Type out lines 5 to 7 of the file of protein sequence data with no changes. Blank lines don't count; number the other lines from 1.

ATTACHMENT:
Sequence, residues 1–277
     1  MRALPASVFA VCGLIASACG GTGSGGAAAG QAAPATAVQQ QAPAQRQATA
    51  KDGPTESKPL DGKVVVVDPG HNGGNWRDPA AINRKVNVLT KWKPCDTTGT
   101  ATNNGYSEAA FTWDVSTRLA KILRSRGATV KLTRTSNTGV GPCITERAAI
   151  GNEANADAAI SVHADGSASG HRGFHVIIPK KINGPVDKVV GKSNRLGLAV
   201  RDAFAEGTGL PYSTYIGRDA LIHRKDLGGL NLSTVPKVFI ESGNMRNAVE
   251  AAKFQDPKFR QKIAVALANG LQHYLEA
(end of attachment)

   151  GNEANADAAI SVHADGSASG HRGFHVIIPK KINGPVDKVV GKSNRLGLAV
   201  RDAFAEGTGL PYSTYIGRDA LIHRKDLGGL NLSTVPKVFI ESGNMRNAVE
   251  AAKFQDPKFR QKIAVALANG LQHYLEA